As we argue in our upcoming book, the Hyper-Social organization, we could not agree more. Companies that successfully embrace the social are those, like Dell, that make it part of the fabric or DNA of everything they do – it cannot just be managed as bolt-on programs to existing strategies. It is also interesting to note how companies like Dell and IBM, which have managed to totally transform themselves, were able to do so only after “near death” experiences (and those are my words/observations, not Dell’s). Dell truly rebuilt itself with the customer at the core of everything they do – how they sell, how they market, how they service and support, how they communicate, and how they design new products.
The scale at which Dell interacts with customers online is staggering – with billions of connections every year through the purchase path, the support path, and through the community path of learning how to use technology and achieve more with it. All that cross-functional customer interaction required them to set up a cross functional governance council, with member representatives from across the entire company – business units, marketing teams, service organizations, and product organizations. They meet on a regular basis to share the learnings, and to make sure that the learnings become embedded within all company processes.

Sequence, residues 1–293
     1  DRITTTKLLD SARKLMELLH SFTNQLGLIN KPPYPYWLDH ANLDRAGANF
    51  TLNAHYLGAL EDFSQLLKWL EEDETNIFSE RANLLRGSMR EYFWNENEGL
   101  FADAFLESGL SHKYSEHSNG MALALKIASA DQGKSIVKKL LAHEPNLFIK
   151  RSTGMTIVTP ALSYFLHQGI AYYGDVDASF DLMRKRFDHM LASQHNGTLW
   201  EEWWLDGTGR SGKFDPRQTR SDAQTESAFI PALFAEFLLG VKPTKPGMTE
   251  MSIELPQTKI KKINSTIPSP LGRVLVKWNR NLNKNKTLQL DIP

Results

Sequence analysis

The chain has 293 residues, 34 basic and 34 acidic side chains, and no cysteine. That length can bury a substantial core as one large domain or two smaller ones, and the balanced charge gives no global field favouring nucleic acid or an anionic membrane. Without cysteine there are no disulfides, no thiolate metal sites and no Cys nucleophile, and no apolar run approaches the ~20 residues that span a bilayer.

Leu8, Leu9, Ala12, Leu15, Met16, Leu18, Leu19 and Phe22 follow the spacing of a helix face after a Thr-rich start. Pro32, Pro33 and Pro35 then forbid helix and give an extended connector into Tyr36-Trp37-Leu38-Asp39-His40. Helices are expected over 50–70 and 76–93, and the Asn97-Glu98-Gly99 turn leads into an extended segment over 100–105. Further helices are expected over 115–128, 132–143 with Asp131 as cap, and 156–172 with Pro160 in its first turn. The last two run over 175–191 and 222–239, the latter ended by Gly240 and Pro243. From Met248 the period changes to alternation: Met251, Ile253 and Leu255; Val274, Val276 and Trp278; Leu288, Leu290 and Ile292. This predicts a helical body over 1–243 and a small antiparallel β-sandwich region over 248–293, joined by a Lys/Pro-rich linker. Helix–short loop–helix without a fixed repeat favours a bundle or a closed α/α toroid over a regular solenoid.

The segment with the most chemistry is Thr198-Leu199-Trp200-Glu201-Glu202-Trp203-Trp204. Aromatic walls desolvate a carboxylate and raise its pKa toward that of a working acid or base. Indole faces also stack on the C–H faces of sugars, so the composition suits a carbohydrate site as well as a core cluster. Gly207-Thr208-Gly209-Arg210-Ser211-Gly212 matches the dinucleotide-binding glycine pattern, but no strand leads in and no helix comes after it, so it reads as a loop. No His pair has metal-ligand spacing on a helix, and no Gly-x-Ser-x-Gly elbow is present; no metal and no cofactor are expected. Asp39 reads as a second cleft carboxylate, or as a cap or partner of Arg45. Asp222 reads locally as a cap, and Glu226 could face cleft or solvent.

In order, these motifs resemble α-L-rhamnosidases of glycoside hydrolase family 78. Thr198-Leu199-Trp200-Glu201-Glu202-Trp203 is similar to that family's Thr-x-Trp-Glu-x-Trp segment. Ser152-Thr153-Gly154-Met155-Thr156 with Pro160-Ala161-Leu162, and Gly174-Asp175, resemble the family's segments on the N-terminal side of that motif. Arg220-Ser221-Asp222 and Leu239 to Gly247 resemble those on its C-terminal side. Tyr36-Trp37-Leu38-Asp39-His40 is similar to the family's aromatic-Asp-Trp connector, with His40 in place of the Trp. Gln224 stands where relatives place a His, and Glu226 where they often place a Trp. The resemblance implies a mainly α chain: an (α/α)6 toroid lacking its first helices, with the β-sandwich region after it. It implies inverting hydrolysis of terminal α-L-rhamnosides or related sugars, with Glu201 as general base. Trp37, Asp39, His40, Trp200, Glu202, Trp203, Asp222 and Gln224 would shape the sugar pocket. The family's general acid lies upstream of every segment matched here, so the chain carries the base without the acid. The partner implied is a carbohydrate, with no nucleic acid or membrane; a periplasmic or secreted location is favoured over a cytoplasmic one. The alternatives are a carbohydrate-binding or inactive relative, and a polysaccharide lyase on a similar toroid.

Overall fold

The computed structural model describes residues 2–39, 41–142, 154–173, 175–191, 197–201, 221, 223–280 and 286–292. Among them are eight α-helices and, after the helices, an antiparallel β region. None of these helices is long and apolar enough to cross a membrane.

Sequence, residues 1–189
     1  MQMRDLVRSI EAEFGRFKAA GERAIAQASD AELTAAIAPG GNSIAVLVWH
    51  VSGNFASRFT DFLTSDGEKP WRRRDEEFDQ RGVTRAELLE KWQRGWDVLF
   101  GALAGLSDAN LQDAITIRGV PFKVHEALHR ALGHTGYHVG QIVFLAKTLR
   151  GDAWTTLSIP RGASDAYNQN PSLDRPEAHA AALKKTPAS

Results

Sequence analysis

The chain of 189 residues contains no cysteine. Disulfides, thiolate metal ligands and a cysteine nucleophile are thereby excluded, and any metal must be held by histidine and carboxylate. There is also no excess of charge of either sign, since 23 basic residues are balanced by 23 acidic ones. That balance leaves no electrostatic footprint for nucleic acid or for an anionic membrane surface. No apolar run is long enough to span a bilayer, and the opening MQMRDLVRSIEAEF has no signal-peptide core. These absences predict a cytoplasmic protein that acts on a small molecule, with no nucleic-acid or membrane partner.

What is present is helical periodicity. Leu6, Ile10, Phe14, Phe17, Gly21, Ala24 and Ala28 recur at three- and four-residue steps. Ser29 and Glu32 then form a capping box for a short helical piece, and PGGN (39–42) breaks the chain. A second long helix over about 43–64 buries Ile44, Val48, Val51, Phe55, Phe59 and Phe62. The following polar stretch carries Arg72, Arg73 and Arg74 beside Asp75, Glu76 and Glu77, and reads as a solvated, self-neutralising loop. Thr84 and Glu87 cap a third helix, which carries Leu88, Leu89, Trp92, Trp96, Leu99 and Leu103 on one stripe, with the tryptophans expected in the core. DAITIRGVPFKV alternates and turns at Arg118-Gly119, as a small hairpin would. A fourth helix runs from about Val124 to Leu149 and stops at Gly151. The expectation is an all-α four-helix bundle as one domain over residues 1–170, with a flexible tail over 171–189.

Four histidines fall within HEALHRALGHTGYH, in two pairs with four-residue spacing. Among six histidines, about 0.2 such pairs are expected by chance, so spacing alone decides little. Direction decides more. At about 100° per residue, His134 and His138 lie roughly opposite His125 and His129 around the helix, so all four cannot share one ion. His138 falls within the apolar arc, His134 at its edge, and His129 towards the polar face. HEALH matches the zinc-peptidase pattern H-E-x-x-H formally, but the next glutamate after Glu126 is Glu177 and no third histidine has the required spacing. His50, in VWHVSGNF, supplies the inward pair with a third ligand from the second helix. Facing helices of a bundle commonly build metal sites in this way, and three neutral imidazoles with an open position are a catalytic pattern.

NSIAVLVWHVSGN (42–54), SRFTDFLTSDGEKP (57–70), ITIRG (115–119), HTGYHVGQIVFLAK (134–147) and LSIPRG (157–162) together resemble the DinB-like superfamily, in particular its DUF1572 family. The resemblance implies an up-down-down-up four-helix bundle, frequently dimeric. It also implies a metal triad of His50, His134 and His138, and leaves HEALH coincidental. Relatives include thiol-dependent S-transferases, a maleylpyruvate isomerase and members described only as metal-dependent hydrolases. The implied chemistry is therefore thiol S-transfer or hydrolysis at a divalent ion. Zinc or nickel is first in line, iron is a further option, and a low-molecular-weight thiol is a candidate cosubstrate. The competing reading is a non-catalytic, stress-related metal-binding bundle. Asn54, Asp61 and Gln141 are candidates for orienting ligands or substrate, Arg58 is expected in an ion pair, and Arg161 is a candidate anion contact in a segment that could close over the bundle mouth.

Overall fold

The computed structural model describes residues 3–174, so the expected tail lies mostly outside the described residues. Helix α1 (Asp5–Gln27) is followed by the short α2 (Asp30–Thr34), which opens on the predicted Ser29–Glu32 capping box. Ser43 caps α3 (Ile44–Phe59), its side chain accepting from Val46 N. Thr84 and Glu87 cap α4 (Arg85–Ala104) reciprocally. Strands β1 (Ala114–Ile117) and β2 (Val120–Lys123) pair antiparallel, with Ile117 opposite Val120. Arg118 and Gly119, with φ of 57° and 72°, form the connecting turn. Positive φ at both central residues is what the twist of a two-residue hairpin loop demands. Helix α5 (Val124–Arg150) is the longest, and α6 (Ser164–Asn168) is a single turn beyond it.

Next we talked about the lessons learned from listening to what is being said about the company in the marketplace and from deciding how and when to engage in those conversations. As many other successful Hyper-Social organization CMO’s told us, they do not always engage. Listening is incredibly important, but often times hearing, learning, and acting upon what is being said are the real keys to success – not direct engagement. It is also important to realize that in this new world, notwithstanding that you can have a common brand spirit, you cannot really have a singular voice of the company anymore. At Dell they have 100,000 team members who are experts in what they do and who will speak out in their own voice.